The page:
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Obama the All-Powerful?

One of the more notable examples of the gulf in perceived reality between Left and Right these days is the very different perceptions of the power of Barack Obama. Most Democrats think the president has been hemmed in by the economic and fiscal conditions he inherited and by an opposition party with the will and the means to obstruct his every effort. Some Democrats also think he's been hemmed in by his own timidity, and/or by the views and interests of his advisors, but nobody much thinks he's kicking ass and taking names.

Meanwhile, on the Right, while the dominant attitude towards the president remains one of exultant mockery, in anticipation of a big 2010 Republican victory, it seems important to some pols and gabbers to maintain the impression that the president represents an ever-growing threat to American liberties.

This "Fear Factor" is especially present in the bizarre op-ed penned in the Washington Times by former congressman, and perhaps future candidate for Colorado governor, Tom Tancredo, calling for the president's impeachment.

Now there's nothing particularly newsworthy about Tancredo seizing the limelight with crazy talk, or even his contention that Obama's violated his constitutional oath by refusing to immediately launch a nationwide manhunt to identify and deport illegal immigrants by the millions as the openly xenophobic Coloradan would do.

But it's the paranoid fear of Obama's totalitarian designs on the nation that stands out in the piece:

Barack Obama is one of the most powerful presidents this nation has seen in generations. He is powerful because he is supported by large majorities in Congress, but, more importantly, because he does not feel constrained by the rule of law....

Mr. Obama's paramount goal, as he so memorably put it during his campaign in 2008, is to "fundamentally transform America." He has not proposed improving America - he is intent on changing its most essential character. The words he has chosen to describe his goals are neither the words nor the motivation of just any liberal Democratic politician. This is the utopian, or rather dystopian, reverie of a dedicated Marxist - a dedicated Marxist who lives in the White House.

Aside from illustrating that Tom Tancredo knows absolutely nothing about Marxism, this passage makes you wonder why Tancredo thinks a future Republican Congress could get away with impeachment. Wouldn't Obama simply suspend the Constitution, round up Republican Members, and then maybe ship them to one of those secret camps that FEMA--or is it AmeriCorps?--is supposedly building?

This is a perpetual problem for hard-core conservatives today, isn't it? It's hard to simultaneously maintain that Barack Obama is well on his way to becoming Benito Mussolini, and also that an aroused American people are on the brink of chasing him from office.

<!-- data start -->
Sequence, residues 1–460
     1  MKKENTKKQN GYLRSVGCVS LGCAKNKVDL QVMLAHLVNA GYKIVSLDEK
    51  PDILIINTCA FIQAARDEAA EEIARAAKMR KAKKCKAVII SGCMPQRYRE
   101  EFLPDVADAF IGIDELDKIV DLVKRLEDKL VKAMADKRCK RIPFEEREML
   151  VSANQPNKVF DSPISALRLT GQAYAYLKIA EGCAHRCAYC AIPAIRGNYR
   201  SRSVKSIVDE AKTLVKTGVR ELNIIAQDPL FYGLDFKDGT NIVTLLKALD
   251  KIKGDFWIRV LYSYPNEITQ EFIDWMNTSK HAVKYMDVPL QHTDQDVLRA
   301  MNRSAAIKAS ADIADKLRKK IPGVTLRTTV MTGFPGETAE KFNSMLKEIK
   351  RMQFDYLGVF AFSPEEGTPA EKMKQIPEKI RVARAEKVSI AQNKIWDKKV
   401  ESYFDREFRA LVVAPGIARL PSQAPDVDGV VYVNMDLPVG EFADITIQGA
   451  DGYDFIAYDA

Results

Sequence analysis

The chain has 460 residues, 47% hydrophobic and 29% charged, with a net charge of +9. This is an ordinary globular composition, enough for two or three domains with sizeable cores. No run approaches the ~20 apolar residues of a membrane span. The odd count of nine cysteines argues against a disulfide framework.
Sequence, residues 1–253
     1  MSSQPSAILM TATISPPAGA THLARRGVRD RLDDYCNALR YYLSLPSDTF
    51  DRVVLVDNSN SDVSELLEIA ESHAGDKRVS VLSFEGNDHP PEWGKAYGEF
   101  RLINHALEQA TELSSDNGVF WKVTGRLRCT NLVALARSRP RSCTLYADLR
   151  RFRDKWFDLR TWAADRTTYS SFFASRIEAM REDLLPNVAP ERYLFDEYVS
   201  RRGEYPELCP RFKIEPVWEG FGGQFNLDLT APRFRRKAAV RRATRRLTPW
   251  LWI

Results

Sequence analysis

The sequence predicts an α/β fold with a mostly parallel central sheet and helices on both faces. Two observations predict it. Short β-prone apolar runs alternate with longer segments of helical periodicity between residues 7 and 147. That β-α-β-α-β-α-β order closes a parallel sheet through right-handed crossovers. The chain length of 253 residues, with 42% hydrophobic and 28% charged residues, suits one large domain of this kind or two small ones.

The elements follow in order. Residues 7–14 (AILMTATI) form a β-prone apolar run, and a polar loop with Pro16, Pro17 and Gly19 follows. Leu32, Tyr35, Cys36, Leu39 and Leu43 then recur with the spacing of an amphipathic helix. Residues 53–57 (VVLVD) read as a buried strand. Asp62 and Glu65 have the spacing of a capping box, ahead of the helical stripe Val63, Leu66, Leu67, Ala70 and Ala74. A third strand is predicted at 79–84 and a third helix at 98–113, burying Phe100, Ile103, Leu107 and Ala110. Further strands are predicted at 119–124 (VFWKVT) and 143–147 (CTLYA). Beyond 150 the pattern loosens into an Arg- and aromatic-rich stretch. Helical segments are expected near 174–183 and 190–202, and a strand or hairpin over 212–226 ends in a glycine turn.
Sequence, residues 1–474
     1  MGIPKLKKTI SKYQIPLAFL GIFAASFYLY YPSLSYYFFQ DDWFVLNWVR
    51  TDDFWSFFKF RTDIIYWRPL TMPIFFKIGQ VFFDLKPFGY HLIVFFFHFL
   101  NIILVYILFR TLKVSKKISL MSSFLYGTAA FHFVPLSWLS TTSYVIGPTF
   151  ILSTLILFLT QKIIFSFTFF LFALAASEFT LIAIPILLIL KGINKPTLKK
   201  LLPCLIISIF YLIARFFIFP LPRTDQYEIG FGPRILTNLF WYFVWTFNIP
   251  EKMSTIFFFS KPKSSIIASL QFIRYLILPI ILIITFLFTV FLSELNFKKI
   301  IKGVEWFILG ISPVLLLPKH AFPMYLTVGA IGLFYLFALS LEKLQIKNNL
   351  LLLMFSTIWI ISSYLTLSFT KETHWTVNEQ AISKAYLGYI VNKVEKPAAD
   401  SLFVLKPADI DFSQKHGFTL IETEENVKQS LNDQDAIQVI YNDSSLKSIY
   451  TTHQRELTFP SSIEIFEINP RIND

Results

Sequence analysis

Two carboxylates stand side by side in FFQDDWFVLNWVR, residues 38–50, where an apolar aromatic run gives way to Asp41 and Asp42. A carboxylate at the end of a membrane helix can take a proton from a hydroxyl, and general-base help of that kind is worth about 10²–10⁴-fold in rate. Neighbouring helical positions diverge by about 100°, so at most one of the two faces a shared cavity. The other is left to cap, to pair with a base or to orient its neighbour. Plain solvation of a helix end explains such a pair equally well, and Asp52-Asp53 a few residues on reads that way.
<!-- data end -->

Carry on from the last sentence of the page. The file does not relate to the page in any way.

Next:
A similar contradiction seems to afflict the thinking of another conservative Republican who spoke out this week, Tennessee congressman and gubernatorial candidate Zach Wamp, as explained by Hotline's Dan Roem:

Rep. Zach Wamp (R-03) suggested TN and other states may have to consider seceding from the union if the federal government does not change its ways regarding mandates.

"I hope that the American people will go to the ballot box in 2010 and 2012 so that states are not forced to consider separation from this government," said Wamp during an interview with Hotline OnCall.

He lauded Gov. Rick Perry (R-TX), who first floated the idea of secession in April '09, for leading the push-back against health care reform, adding that he hopes the American people "will send people to Washington that will, in 2010 and 2012, strictly adhere" to the constitution's defined role for the federal government.

"Patriots like Rick Perry have talked about these issues because the federal government is putting us in an untenable position at the state level," said Wamp, who is competing with Knoxville Mayor Bill Haslam (R) and LG Ron Ramsey (R) for the GOP nod in the race to replace TN Gov. Phil Bredesen (D).

In his case, Wamp is floating an extra-constitutional remedy for what he claims to be an extra-constitutional action by the Congress and the Executive Branch. This did not work out too well when Tennessee and other states tried it in 1861, you may recall. But more immediately, what, specifically, is Obama doing that has led Wamp to propose so radical a step? Is he threatening to bombard military facilities in Chattanooga? Is an alleged "unfunded mandate" on the states really equivalent to Kristallnacht or the March on Rome?

Rhetorical excess is one thing; extreme partisanship is still another; but projecting totalitarian powers onto Barack Obama while one is in the very process of seeking to drive him and his party from office is, well, just delusional.